UK will struggle to extend EU court fix to competition, IP, other disputes
31 May 2018 by Matthew Holehouse
A thorny question looms for Brexit negotiators as they approach the closing stages of the divorce talks: How long should British judges look to the EU's top court for answers on interpreting the bloc’s law?
In a speech on Saturday, the EU’s chief negotiator, Michel Barnier, stressed an “urgent” need for agreement on a dispute resolution mechanism to save the whole withdrawal negotiations from collapse.
The UK's draft withdrawal agreement binds it to upholding dozens of pieces of EU law for decades in fields ranging from pensions to nuclear waste and data transfers.
One of the bloc’s basic constitutional principles is that EU law is interpreted by courts consistently, even outside its borders. This strains against Prime Minister Theresa May’s hopes of weakening the UK's link to the EU Court of Justice in Luxembourg.
An interim agreement struck in December on citizens’ rights hints at a possible solution for the rest of the deal. At the time, both sides agreed that UK courts would continue to ask the EU court for guidance in these matters until 2028.
But applying this time limitation to the rest of the deal — for instance in competition, state aid and intellectual-property disputes — might go too far for the bloc.
— Citizens' rights provision —
Under the December agreement, questions over the rights of EU citizens living in the UK will be addressed by UK courts. National judges will be bound by case law of the EU Court of Justice that predates Brexit and be obliged to pay “due regard” to judgments made after Brexit.
UK courts will continue to seek so-called preliminary rulings over unclear areas of EU law from the Luxembourg court for up to eight years after the end of the transition period that starts next March.
In addition, the UK agreed that its courts could ask for preliminary rulings indefinitely on questions relating to its EU budget liabilities arising from the 2014-2020 spending round. The European Commission would also be able to bring cases against the UK to the court.
— Wider application? —
Now, negotiators must settle the role of the EU court in a wider range of separation issues, contained in Part III of the draft agreement.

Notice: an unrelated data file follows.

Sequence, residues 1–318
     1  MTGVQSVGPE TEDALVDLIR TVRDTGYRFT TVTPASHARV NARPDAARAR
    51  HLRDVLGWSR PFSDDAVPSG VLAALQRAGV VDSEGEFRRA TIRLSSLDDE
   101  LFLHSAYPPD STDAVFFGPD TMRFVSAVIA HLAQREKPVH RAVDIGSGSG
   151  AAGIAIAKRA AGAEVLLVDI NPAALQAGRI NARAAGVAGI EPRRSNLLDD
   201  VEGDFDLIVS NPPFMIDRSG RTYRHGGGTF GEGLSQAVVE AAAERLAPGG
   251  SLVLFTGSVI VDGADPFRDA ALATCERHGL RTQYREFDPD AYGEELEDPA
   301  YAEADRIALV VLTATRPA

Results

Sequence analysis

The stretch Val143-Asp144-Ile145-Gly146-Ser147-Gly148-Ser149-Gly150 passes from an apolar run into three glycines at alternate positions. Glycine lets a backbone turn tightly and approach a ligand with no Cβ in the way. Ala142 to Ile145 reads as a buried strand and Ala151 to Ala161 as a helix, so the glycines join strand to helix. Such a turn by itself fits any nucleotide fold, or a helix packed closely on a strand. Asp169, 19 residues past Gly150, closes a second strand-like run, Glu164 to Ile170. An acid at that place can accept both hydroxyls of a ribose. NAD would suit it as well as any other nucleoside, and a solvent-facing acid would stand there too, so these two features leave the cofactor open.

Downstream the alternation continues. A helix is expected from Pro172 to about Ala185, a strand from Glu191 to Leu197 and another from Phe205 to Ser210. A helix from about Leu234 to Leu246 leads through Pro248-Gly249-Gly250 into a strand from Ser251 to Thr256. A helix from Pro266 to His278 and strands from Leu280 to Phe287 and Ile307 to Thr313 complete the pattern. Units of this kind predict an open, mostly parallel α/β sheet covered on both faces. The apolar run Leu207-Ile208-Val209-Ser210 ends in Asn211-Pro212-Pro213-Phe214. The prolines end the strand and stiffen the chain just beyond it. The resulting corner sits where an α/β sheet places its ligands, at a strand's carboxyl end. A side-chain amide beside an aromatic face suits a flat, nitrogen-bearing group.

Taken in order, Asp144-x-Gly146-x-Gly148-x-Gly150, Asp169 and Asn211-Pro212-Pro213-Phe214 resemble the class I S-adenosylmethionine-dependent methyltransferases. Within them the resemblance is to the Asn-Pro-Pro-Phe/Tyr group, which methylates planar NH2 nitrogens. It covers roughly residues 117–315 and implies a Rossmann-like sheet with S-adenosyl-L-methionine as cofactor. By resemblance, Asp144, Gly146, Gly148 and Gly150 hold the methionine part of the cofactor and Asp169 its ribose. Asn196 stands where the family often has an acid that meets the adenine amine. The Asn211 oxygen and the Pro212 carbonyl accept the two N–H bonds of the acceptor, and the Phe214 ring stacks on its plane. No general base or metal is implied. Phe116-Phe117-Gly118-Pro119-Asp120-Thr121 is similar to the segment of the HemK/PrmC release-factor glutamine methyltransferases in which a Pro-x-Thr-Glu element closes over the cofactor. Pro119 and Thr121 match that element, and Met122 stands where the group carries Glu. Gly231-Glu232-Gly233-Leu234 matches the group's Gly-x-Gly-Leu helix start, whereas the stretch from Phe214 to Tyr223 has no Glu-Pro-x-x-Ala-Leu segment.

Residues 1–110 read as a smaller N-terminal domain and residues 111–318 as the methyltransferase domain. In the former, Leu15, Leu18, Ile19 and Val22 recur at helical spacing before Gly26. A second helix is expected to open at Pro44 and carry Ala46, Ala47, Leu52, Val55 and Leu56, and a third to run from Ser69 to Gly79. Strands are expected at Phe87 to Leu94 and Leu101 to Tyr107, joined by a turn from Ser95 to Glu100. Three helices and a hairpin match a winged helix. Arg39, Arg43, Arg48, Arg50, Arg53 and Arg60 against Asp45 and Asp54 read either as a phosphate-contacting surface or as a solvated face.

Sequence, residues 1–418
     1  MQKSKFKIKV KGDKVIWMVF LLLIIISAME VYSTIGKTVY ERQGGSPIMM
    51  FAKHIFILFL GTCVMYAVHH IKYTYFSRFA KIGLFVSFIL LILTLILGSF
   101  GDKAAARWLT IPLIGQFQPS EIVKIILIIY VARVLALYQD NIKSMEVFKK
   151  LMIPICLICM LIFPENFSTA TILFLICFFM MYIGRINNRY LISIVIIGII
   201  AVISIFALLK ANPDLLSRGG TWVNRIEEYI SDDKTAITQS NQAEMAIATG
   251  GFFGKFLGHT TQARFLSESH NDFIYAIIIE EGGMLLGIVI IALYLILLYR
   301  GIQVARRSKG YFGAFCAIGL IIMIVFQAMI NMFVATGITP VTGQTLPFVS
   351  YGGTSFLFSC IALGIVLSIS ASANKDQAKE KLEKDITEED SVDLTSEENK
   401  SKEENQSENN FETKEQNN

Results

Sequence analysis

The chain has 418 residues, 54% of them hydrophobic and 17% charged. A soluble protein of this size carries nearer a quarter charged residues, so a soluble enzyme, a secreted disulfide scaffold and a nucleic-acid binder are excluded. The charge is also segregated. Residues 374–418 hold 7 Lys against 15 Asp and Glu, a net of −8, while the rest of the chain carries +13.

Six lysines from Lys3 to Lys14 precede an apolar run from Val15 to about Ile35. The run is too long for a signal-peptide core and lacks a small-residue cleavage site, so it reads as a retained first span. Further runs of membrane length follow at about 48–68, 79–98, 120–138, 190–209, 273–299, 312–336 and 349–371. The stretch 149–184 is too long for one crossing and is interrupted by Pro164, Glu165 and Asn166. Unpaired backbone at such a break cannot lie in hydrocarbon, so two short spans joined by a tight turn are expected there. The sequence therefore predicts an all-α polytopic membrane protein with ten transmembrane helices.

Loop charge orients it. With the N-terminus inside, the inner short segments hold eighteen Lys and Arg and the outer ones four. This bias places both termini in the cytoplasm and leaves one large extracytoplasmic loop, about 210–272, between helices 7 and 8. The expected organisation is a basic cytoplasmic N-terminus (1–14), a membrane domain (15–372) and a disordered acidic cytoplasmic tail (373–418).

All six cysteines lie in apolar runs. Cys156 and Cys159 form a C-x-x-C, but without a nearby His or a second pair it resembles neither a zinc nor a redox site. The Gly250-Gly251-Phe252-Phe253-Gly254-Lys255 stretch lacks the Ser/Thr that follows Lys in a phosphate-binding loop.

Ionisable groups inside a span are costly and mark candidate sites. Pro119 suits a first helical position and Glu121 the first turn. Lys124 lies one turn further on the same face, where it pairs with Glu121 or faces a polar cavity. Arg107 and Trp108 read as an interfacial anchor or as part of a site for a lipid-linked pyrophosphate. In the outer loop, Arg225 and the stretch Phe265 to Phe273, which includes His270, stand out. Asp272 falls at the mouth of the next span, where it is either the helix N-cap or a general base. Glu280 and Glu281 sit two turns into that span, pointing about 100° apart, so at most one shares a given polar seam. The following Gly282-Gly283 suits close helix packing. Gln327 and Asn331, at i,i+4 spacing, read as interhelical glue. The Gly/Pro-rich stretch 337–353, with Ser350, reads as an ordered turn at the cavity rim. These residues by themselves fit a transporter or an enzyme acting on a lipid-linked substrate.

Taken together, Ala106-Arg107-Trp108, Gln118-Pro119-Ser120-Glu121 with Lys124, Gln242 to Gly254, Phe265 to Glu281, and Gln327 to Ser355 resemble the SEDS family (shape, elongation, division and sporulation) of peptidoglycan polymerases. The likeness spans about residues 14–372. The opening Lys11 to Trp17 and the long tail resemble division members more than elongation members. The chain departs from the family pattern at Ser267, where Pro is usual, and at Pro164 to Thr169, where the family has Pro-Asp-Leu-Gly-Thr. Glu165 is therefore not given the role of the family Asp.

These include winding down the UK’s participation in EU rules on goods and customs, intellectual property, police cooperation, public procurement, nuclear material and EU probes into competition and state aid. It’s fertile ground for disputes to arise years or even decades into the future.
The commission’s draft text proposes that in these areas, UK courts would continue to send questions to the EU Court of Justice indefinitely. Furthermore, the commission would continue to be able to bring cases against the UK to the court, which would be able to levy fines.
The UK hasn’t yet agreed to these terms.
A key question for negotiators, of course, is whether it would be feasible for the eight-year compromise for citizens’ rights to be applied more widely.
In his speech last week, Barnier appeared to consider it possible. He acknowledged the precedent and said his “respect and faith in British judges” was reflected in the eight-year arrangement.
“This mechanism will ensure over time the uniform interpretation of the Withdrawal Agreement on both sides of the Channel. This objective, which is now guaranteed for the rights of citizens, still needs to be reached for the rest of the agreement,” he said.
— Limits —
Barnier’s remarks notwithstanding, there are doubts on the EU side. For now, the commission is sticking to its position that the reference mechanism must be permanent.
Also, the December deal was viewed by some member states — particularly France — as too lenient on the UK.
The main sticking point remains the evolving nature of EU law.
Both sides agree that the withdrawal agreement covers not only EU laws operating in the UK on exit day, but the future iterations of those laws as the bloc steadily revises its rulebook. Each development will generate new questions for judges in the UK and the EU, strengthening the case for an indefinite dynamic link.
While the provision was deemed acceptable for the citizens’ rights package even though the social security legislation it covers will continue to evolve, extending this principle more widely could be unacceptable for the bloc. With the clock ticking, the UK is likely to face an uphill battle to convince negotiators to repeat December’s compromise.